By Qian Gang — On September 11 the writings of one of Taiwan’s most celebrated cultural critics, Lung Ying-tai (龙应台), were scrubbed from China’s internet. And in a poetic illustration of how the internet is changing the nature of media control in China, the order for an all-out assault on Lung’s essays was delivered via MSN Messenger.
The web censors responsible for this recent action were the usual suspects from Beijing’s web management office — officially, the Beijing Municipal Internet Information Administrative Bureau (北京市互联网宣传管理办公室) — which sits directly under the Internet Propaganda and Administrative Office (网络宣传管理局) of the State Council Information Office (国务院新闻办).
There is nothing municipal at all about Beijing’s Web management office. Jurisdiction over the internet companies of Beijing means effective jurisdiction over the vast majority of websites with broad regional or national reach in China. Even QQ, which has its corporate base in Shenzhen, handles editorial operations from its base in the capital.
The September 11 instructions from the Web management office were crystal clear: delete all essays from Lung Ying-tai, and do not attempt any further posting of her work.
Before the order came down from web censors, the last piece about Lung Ying-tai appearing online was posted on September 3 at Xinhua Online and other sites. It was called “New Lung Ying-tai Book Explores the Great Changes in the World Over the Past 60 Years” (龙应台新书追溯60年沧桑世事 讲述平凡人曲折命运). The new book it referred to was Lung’s Wide Rivers and Seas: 1949 (大江大海 一九四九).
The headline for this piece can still be tracked down at many websites through the Baidu search engine, but the content is inaccessible at all but one link at Xinhua Online: “We’re sorry! The article you’re looking for has been deleted or has expired,” says a notice at the original location at Xinhua Online. A notice at QQ reads: “Page not found. You will be taken to the homepage in 5 seconds.”
When I visited the online sites where many of Lung’s essays had previously been archived, I found that they had all disappeared.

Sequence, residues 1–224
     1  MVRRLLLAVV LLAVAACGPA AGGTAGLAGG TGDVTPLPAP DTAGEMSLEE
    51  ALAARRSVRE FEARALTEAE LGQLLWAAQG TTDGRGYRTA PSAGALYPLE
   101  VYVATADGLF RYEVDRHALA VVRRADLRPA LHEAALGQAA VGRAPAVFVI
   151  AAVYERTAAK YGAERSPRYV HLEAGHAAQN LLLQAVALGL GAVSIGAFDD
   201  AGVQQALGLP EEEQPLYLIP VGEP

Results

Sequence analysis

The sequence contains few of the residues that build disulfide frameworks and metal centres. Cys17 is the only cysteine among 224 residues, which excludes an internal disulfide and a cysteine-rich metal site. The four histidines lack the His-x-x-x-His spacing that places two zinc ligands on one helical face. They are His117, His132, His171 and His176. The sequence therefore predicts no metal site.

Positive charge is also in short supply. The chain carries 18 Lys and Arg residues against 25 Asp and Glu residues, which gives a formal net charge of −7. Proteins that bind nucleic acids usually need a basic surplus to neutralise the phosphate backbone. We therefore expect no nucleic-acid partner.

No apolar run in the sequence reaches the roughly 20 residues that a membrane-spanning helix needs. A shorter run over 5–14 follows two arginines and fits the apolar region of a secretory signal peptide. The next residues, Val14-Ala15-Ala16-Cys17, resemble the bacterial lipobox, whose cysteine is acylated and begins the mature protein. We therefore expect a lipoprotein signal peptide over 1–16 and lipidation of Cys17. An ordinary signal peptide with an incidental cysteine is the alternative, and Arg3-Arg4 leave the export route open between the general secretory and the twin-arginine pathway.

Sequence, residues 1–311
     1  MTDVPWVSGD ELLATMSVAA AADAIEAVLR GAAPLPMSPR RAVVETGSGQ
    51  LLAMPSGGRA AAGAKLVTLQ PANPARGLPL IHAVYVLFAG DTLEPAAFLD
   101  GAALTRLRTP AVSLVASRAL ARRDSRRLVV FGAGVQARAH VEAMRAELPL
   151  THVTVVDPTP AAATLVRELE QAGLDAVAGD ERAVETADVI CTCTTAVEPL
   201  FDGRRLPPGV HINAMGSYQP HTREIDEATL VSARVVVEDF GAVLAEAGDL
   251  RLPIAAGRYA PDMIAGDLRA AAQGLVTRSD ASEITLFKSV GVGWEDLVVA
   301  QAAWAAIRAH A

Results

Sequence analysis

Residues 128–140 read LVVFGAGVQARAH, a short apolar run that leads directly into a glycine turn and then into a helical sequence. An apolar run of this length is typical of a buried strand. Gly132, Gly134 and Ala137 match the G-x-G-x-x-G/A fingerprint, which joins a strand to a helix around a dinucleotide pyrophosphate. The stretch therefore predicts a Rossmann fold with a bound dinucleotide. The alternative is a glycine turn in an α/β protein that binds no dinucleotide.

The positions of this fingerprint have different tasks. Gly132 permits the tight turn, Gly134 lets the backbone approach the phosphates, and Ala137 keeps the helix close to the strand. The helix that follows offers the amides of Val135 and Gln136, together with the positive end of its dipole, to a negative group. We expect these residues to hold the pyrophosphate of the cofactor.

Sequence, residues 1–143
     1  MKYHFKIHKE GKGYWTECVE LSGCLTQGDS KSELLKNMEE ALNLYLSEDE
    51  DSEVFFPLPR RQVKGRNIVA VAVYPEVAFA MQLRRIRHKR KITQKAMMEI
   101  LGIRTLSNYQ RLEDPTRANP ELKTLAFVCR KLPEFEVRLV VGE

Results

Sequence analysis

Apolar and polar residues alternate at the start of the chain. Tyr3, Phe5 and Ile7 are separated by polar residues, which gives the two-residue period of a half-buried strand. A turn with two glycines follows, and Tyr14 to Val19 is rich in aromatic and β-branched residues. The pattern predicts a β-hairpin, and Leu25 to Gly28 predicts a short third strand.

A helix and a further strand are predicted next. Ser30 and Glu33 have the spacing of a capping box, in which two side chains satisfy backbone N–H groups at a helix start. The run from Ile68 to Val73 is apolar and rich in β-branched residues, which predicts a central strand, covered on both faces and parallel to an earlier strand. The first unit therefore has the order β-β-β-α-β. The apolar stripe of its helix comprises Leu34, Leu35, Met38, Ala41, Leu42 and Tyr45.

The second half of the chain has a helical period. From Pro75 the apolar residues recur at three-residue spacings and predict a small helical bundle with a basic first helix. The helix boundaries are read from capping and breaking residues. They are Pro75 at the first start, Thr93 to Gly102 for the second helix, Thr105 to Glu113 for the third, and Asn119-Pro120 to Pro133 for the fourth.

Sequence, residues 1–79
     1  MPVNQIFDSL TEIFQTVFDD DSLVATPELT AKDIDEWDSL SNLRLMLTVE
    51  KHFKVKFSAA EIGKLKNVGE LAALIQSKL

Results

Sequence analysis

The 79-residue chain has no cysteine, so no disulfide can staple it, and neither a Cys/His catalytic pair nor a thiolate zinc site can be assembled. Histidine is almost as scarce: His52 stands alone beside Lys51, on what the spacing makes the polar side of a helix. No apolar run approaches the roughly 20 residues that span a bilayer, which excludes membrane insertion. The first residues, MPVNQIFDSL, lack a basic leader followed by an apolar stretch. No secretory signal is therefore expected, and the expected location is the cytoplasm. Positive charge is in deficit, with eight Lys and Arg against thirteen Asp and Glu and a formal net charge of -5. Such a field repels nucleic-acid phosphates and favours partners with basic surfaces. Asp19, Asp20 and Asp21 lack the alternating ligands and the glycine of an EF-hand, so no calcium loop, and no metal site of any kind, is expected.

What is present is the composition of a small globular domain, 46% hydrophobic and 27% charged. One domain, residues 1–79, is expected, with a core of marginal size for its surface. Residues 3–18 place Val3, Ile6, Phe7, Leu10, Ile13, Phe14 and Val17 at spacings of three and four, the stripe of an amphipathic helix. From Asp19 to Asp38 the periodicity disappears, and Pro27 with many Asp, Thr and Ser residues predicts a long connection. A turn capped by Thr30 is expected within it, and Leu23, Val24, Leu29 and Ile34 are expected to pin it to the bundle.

The control of China’s internet has an increasingly important place within the overall media control regime in China today. Web censors have their own advanced technologies to assist them in monitoring the Internet — including, we have been told, their own internal messaging services for the delivery of more sensitive censorship instructions to website editors — and they also use MSN and other shortcuts to exercise more direct and “flatter” control over the web. It takes only a matter of seconds or minutes now for orders and bans from the authorities to make it to the desks of editors at Chinese websites, or to their mobile phones.
In Beijing, where most of China’s websites are concentrated, preparations are underway to implement a real-name registration system to remove the anonymity many web users have hitherto enjoyed. Teams of tens of thousands of “volunteers” are being mobilized by the Web management office to “monitor unfavorable website trends” (监控不良网站动向).
All of these changes are clues to how both the human and technological means of media control are being transformed in China.
In contrast with China’s new generation of Web censors, the old guardians of media discipline in China – the Central Propaganda Department and its News Commentary Group – look like slow and ineffective dinosaurs.
Lung Ying-tai is one of the most influential contemporary Taiwanese intellectuals on the mainland. In the 1980s her essay, “Chinese, Why Aren’t You Angry?” (included in her Wildfire Collection), was all the rage in China. In the late 1990s, she wrote for a number of mainland newspapers, including Southern Weekend. Over a period of roughly ten years, she published hundreds of articles inside China. A few of her books were also published on the mainland, including her book Dear Andreas (亲爱的安德烈), which was selected by the news portal Sina.com as second on its book of the year list in June this year.